COVID-19 update: What the latest guidelines mean for you

Illustration of Coronavirus COVID-19

Shorter isolation and quarantine periods do NOT apply to cancer patients; Third mRNA vaccine dose plus a booster now recommended for immunocompromised

In early January, the Centers for Disease Control and Prevention (CDC) updated their COVID guidance for the general public, reducing isolation (for asymptomatic or mildly ill people) and quarantine (for people exposed) periods from 10 days to five days — followed by continued masking for another five days. The revised recommendations seek to focus on the time period when a person is most infectious (the days immediately before and after symptoms appear) and balance social, economic and other well-being needs.

However, it’s important to note, the shorter isolation (if infected) and quarantine (if exposed) time periods do NOT apply to the following groups:

  • People who are immunocompromised, such as cancer patients
  • Children younger than age 2 and others who are unable to wear a mask
  • People with moderate or severe illness from COVID

These groups must still isolate and/or quarantine for 10 days (or longer) and should seek the advice of their personal healthcare provider.

Why cancer patients are an exception

Cancer and its treatment are hard on the body and specifically the immune system. At Roswell Park Comprehensive Cancer Center, our everyday precautions and protocols assume every patient and survivor is immunocompromised. Some patients and survivors are moderately to severely immunocompromised, including those receiving active treatment for tumors or cancers of the blood, those who had stem cell transplantation in the last two years, patients taking high-dose corticosteroids or other drugs that suppress the immune system, and others.

Having a weaker immune system means that if infected with COVID, you may be infectious for a longer period of time and be able to transmit the virus to others well beyond five days. It also means that your body may not mount a full, robust immune response to vaccination with the COVID vaccine.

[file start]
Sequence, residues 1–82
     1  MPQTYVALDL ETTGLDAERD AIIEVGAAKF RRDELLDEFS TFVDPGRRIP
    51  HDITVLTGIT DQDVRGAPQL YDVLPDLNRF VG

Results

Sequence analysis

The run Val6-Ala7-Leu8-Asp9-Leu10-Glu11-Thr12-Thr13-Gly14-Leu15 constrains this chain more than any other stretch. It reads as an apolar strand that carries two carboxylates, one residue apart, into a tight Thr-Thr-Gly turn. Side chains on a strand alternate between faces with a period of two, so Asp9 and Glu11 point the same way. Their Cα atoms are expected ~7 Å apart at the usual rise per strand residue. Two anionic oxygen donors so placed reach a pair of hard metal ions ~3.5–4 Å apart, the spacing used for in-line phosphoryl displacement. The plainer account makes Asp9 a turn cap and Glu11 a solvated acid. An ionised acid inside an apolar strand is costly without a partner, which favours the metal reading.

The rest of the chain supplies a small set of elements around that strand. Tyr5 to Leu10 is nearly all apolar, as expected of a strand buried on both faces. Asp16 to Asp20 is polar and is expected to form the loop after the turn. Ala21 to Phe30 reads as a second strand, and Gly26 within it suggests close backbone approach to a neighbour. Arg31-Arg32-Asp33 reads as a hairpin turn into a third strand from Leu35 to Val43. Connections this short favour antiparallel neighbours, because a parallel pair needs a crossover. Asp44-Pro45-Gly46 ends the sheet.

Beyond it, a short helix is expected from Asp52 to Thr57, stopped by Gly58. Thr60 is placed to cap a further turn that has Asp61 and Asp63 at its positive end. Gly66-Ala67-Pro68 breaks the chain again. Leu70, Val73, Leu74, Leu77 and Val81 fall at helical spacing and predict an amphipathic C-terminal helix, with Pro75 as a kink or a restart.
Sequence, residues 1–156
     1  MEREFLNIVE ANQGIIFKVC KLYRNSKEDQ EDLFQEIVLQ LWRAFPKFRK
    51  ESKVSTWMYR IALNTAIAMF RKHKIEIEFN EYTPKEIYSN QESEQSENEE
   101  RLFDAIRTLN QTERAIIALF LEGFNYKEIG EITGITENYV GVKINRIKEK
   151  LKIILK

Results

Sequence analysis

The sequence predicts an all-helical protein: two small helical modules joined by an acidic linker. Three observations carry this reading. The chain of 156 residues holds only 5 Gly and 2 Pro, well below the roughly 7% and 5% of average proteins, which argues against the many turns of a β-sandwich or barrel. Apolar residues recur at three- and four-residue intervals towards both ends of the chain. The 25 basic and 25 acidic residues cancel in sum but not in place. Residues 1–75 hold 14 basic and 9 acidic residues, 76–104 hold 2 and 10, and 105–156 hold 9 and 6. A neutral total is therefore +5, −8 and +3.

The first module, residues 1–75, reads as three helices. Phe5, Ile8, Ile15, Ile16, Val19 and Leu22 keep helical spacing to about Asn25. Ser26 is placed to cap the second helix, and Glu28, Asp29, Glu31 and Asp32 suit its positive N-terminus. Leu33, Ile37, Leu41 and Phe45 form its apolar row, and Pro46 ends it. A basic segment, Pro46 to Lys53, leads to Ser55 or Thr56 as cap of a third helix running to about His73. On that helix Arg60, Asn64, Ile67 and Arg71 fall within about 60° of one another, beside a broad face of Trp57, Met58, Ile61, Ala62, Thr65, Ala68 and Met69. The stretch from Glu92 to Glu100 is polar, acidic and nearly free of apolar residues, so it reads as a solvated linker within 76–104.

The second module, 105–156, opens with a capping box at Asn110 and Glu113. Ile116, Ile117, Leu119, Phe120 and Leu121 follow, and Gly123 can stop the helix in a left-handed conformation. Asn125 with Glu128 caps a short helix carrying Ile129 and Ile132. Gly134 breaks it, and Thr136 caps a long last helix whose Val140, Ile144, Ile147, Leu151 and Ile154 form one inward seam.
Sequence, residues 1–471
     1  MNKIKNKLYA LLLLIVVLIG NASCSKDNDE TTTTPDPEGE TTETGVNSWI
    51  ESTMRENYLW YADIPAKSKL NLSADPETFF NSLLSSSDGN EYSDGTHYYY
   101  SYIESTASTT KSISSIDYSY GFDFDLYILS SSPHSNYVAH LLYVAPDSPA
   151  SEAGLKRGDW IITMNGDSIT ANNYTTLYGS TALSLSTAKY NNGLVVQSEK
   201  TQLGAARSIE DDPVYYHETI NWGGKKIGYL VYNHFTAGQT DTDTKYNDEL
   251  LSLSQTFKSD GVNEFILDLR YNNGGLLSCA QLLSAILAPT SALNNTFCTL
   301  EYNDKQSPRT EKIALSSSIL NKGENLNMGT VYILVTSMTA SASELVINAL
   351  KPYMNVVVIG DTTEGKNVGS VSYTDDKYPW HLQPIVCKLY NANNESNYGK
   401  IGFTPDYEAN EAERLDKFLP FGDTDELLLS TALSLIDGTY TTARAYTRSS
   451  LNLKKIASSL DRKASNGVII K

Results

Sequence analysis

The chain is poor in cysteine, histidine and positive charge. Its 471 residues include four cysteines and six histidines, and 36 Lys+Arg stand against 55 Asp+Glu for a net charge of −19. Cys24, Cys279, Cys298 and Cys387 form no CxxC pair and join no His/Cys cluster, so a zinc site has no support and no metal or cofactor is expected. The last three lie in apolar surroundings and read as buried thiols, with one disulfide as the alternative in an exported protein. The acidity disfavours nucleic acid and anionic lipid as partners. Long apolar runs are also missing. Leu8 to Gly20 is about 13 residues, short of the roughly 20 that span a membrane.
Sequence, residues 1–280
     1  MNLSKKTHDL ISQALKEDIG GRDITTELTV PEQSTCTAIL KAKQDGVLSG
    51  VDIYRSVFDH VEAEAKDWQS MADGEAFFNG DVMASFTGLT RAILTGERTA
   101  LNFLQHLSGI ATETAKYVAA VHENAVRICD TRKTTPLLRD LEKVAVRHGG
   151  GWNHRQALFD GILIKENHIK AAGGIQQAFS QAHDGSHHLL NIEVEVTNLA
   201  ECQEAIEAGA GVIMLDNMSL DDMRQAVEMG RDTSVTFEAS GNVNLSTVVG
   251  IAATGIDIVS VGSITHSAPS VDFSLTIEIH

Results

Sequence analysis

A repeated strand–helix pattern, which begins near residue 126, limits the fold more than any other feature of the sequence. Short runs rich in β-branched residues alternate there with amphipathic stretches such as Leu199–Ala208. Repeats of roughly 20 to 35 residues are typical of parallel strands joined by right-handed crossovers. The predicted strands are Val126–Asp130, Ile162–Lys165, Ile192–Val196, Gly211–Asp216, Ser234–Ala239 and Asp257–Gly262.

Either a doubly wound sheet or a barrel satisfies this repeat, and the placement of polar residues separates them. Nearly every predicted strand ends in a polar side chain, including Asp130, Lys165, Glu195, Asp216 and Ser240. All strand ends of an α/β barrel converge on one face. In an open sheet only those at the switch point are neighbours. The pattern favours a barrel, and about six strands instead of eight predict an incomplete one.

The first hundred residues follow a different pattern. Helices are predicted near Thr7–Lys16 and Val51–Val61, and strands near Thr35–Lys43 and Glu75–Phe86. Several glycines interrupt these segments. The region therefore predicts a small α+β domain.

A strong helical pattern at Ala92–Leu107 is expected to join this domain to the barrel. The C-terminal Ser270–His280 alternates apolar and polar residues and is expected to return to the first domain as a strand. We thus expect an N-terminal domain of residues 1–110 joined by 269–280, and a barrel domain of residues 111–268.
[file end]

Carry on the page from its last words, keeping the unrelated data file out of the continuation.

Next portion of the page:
Cancer patients benefit from extra vaccine doses

Even with full vaccination, cancer patients are experiencing more breakthrough infections and may be a greater risk for severe illness and complications. That’s why the CDC now recommends additional vaccine doses for moderately or severely immunocompromised people (such as those on active chemotherapy and transplant recipients). In addition to the first two primary doses of the mRNA vaccine (Moderna or Pfizer-BioNTech) cancer patients are urged to get a third full dose of the mRNA vaccine at least 28 days after the second dose — plus a booster five months after completing their initial three doses — for a total of four shots.

For patients who initially received the J&J/Janssen vaccine, an mRNA booster is recommended eight weeks after the initial vaccine administration due to the risk of developing thrombocytopenia and thrombosis syndrome. In most situations, Pfizer-BioNTech or Moderna COVID-19 vaccines are preferred for cancer patients over the J&J/Janssen COVID-19 vaccine for primary and booster vaccination due to risk of this potential serious adverse effect.

If you have any questions about your risk level and if an additional dose or booster is appropriate for you, please contact your Roswell Park clinic or treatment provider.

COVID-19 Vaccine Information

Roswell Park is currently providing vaccines to our patients. Read more about our vaccine policies and read our list of frequently asked questions.

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How you can protect yourself

  • Get fully vaccinated and boosted.
  • Encourage your caregivers and all household contacts to get vaccinated as soon as they are eligible, regardless of whether they have already contracted COVID. Protecting those around you has a cocooning effect and reduces your risk.
  • Wear a mask anytime you’re around other people and unable to maintain 6 feet of physical distance.
  • Decline visits or social invitations to places or homes where others are unvaccinated.